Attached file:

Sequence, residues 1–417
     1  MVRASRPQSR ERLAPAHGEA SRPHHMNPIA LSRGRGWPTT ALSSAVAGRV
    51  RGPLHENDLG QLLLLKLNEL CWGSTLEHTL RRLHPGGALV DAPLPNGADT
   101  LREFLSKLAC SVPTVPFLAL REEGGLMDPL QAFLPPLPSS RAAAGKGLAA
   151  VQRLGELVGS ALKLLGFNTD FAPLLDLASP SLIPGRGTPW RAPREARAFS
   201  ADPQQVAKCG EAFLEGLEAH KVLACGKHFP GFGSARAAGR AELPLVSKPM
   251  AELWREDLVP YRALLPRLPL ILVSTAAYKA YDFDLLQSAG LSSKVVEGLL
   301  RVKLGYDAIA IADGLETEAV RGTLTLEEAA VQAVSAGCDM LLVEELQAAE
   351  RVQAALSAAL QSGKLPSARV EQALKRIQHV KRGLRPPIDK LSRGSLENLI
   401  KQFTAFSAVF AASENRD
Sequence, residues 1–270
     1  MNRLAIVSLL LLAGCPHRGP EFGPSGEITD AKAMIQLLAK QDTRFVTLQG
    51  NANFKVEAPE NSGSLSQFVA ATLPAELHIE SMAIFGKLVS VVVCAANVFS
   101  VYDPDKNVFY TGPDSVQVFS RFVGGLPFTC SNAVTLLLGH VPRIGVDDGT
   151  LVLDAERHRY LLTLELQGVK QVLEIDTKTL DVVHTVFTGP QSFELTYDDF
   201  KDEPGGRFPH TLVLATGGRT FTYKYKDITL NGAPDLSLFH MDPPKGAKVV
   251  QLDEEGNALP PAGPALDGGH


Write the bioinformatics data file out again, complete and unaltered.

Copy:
Sequence, residues 1–417
     1  MVRASRPQSR ERLAPAHGEA SRPHHMNPIA LSRGRGWPTT ALSSAVAGRV
    51  RGPLHENDLG QLLLLKLNEL CWGSTLEHTL RRLHPGGALV DAPLPNGADT
   101  LREFLSKLAC SVPTVPFLAL REEGGLMDPL QAFLPPLPSS RAAAGKGLAA
   151  VQRLGELVGS ALKLLGFNTD FAPLLDLASP SLIPGRGTPW RAPREARAFS
   201  ADPQQVAKCG EAFLEGLEAH KVLACGKHFP GFGSARAAGR AELPLVSKPM
   251  AELWREDLVP YRALLPRLPL ILVSTAAYKA YDFDLLQSAG LSSKVVEGLL
   301  RVKLGYDAIA IADGLETEAV RGTLTLEEAA VQAVSAGCDM LLVEELQAAE
   351  RVQAALSAAL QSGKLPSARV EQALKRIQHV KRGLRPPIDK LSRGSLENLI
   401  KQFTAFSAVF AASENRD
Sequence, residues 1–270
     1  MNRLAIVSLL LLAGCPHRGP EFGPSGEITD AKAMIQLLAK QDTRFVTLQG
    51  NANFKVEAPE NSGSLSQFVA ATLPAELHIE SMAIFGKLVS VVVCAANVFS
   101  VYDPDKNVFY TGPDSVQVFS RFVGGLPFTC SNAVTLLLGH VPRIGVDDGT
   151  LVLDAERHRY LLTLELQGVK QVLEIDTKTL DVVHTVFTGP QSFELTYDDF
   201  KDEPGGRFPH TLVLATGGRT FTYKYKDITL NGAPDLSLFH MDPPKGAKVV
   251  QLDEEGNALP PAGPALDGGH